The coffee culture represents the neighborhood, a blend of the old and new. Although the new is gaining momentum, there's still some old-world charm establishments still left. But if there's one thing these two worlds have in common, its that a high standard for good, quality coffee is a must. And luckily vegans have no problem finding soy or almond milk at nearly every establishment.
Lower Queen Anne aka Uptown
Craftworks Coffee features a rotational list of artisan coffees from various Pacific Northwest roasters. With a fine selection of teas and hand-crafted brewing methods, explore a wide range of menu items from cold brews to herbal teas. My favorite is the strawberry and peach tea, but whatever you fancy, the cafe is chic, clean and bustling with freelancers poking away on mac laptops.
If you'd like something sweet to go with your coffee, head to Nielsen's, a Dutch bakery, in business since 1965. This is a place to find locals and affordable coffee and treats. Tucked away on 2nd Avenue West, it's easy to miss Nielsens unless you discover the sidewalk sign decorated with Dutch flags. Experience gluttony with the "potato," a cream-filled pastry wrapped in marzipan and dunked in Dutch cocoa powder. Most say it's like consuming heaven on earth and best washed down with a cup of Olympia Roasted coffee. I love the decor as it feels like a walk back into 1970's Europe.
La Marzocco is a coffee-maker company that now has a cafe inside the KEXP building. The cafe features over-priced coffee, but you pay for the atmosphere. With comfy couches located under street-side cafe lights, hipster congregate here for the cool-vibes atmosphere and the occasional live music jazz or jam session. I find the espresso to be like crack, it's so strong I'm strung out for days.
The beloved Uptown Espresso is one of Lower Queen Anne's long-standing coffee establishments. My first experience here is when they dripped the coffee through coffee filters. Enraged with anger, the next time I went there they told me they accidentally messed up the bean to water ratio and so basically I drank four shots of espresso. Yikes, but, after that mistake all has been good. The inside is basic a mix of various sized wooden tables next to walls decorated with European-style fine art. It's the perfect place to grab a cup of Joe before hopping on a bus downtown.
This LQA cafe is tucked away on a corner adjacent to the Seattle Center. Known for it's tea selection and local pastries, Caffe Zingaro keeps Queen Anne buzzing with odd-concoctions like a Cuban latte and golden milk-inspired flavors. I'm not sure about turmeric coffee, but everything is worth trying once!
One of the last remaining Tully's is located in Queen Anne. Although I am not a fan of mainstream establishments, I like Tully's as the people are friendly and it's what is left of this regional chain before Starbuck's bought them out.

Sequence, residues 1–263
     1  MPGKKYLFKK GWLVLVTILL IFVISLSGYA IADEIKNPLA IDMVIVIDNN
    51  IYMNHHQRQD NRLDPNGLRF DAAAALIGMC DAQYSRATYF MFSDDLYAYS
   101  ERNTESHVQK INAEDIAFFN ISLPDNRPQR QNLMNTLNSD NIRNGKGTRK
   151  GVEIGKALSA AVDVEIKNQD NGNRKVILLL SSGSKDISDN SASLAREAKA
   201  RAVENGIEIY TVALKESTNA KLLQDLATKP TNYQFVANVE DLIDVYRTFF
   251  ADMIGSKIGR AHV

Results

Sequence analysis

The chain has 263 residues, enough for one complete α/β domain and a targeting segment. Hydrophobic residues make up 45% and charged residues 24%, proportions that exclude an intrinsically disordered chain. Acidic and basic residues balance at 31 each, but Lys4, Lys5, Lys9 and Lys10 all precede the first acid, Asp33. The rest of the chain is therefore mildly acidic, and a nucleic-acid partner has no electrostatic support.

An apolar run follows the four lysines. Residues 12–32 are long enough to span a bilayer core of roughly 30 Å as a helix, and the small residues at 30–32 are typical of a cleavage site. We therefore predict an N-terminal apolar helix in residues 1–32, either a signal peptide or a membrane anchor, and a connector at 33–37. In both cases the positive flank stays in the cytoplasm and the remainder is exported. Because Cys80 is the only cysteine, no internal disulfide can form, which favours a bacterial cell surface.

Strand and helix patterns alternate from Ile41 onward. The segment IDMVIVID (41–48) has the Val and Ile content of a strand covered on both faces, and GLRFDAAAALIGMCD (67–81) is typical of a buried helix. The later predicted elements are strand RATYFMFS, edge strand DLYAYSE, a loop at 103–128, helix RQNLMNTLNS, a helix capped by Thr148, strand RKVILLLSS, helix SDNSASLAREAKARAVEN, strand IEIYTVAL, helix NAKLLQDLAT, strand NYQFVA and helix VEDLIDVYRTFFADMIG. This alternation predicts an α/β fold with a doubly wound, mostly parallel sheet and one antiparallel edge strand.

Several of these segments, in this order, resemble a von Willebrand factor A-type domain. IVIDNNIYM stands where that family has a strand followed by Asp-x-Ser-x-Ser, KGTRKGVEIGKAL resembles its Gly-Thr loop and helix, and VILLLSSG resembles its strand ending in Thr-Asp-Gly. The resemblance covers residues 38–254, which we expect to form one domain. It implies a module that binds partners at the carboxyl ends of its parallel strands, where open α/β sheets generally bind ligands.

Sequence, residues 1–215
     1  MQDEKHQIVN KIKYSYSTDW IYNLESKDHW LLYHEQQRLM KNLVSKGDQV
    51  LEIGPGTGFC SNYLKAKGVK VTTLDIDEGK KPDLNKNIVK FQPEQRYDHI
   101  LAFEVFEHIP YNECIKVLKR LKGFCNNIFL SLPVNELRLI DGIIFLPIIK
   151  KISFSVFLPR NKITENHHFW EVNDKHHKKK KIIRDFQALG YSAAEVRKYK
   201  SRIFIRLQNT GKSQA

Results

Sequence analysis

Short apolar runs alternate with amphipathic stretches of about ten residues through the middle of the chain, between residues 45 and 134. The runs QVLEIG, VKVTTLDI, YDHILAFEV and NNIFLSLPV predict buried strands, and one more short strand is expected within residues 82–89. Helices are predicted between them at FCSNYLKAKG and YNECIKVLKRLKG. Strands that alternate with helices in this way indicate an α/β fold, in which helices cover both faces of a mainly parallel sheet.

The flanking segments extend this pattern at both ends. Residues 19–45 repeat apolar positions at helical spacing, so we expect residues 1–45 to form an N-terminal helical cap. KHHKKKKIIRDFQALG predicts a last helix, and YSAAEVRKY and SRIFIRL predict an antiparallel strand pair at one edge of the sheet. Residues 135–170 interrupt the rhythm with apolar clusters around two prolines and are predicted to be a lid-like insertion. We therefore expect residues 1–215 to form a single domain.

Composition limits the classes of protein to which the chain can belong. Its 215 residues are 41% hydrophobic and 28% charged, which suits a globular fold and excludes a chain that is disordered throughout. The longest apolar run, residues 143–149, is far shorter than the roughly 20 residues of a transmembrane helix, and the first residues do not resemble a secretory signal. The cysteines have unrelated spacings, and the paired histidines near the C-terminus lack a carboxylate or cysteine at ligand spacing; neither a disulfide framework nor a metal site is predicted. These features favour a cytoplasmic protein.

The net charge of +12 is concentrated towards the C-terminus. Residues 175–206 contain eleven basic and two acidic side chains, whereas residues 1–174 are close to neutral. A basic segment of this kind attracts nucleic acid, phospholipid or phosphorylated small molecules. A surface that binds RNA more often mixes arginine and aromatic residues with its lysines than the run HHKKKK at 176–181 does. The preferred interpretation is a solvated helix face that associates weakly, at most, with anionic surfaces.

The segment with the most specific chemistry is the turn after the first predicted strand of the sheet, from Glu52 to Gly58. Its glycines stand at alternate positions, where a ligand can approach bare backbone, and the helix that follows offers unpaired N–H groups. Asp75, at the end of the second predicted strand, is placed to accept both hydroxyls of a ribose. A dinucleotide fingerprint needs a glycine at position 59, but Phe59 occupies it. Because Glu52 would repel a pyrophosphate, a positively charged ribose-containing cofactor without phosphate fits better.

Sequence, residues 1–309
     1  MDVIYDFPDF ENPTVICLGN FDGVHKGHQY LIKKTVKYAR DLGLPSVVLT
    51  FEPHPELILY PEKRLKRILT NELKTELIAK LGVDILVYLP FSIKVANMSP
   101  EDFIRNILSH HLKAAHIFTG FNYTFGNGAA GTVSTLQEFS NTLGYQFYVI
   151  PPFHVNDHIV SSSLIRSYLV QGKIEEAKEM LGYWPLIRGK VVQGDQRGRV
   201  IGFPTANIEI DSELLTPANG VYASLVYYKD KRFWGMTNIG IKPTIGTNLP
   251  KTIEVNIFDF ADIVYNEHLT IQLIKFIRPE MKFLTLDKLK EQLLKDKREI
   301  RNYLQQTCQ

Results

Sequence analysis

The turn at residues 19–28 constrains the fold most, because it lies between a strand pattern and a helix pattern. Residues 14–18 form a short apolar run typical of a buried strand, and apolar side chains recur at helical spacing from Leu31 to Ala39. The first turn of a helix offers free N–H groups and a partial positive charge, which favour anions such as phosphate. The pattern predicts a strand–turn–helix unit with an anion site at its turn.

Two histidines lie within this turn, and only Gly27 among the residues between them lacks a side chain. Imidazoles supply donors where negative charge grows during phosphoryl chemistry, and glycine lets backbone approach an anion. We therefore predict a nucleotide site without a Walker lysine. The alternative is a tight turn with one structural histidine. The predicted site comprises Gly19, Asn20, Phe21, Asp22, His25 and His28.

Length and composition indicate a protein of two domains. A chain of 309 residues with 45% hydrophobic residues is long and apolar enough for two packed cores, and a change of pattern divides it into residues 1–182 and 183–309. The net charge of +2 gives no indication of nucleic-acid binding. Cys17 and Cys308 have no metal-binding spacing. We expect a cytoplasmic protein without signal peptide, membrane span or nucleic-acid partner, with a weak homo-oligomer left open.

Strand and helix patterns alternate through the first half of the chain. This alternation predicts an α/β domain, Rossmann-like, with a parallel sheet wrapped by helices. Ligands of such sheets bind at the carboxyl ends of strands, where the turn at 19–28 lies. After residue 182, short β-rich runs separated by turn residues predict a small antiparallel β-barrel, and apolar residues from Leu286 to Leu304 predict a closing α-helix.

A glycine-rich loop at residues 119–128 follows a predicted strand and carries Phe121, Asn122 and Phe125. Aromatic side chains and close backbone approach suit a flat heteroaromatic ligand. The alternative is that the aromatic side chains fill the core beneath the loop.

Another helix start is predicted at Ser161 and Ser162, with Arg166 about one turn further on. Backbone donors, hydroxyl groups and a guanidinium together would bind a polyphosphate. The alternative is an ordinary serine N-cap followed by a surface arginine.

Upper Queen Anne
Previously named Bustle, new owners have revamped the menu and now offers ice cream alongside the traditional coffee and pastry options. Discover rare flavors like the London Fog and lavender and blueberry ice cream.
Located on the slope of Queen Anne, is this Turkish coffeehouse and boutique. Eat, drink and shop your way into the heart of the Mediterranean. Besides Turkish Coffee, Coffee Mind features a variety of teas, American and Turkish pastries and cold food and beverages. Whether you're looking for home textiles or a Turkish tea cup set, cafe-goers experience the best of both worlds, the east and the west.
As my Polish friend says, "Storyville is the cadillac of cafes in Seattle." He's in love with everything about the flavor of the beans. Storyville has several locations in Seattle and is a privately-owned company. Storyville donates to reputable organizations who help fight human trafficking.
This beloved organic cafe is a place to mingle with locals enjoying a latte and the sun on the adirondack chairs. All coffee is brewed from 100% organic coffee beans, which ignites a flavor that locals are obsessed with.
For a taste of Paris, head to La Reve for a coffee and a french pastry. The old-world charm transports you back to what Paris used to be like. The pastries aren't cheap, but well worth every penny. I recommend the almond croissant. Located in a house on Queen Anne Avenue, during the summer enjoy the Seattle sun on the front patio.
If the devil worships anything, it's this place. Equipped with potent coffee and vegan-friendly treats, El Diablo is one of the most popular cafes in Queen Anne. There is no shortage of colorful chairs, quirky artwork or mac laptops that hog almost every table.
Cafe Ladro has an upper and a lower Queen Anne location. The first Ladro location opened in Queen Anne in 1994. With several locations around town, Ladro expanded their business to become a roaster in 2011. There is no shortage of baked good options, including several vegan-friendly sweets. The only thing I do not like about Ladro is that the Upper Queen Anne location plays the music so damn loud. Seating is limited, but both locations offer outdoor adirondack chairs.
What's your favorite cafe in Queen Anne? Let us know!
This Lemon Tree article is now featured on GPSmyCity. To download this article for offline reading or travel directions to the attractions highlighted in this article, go to Seattle's Best: A Guide to the Best Cafes in Queen Anne.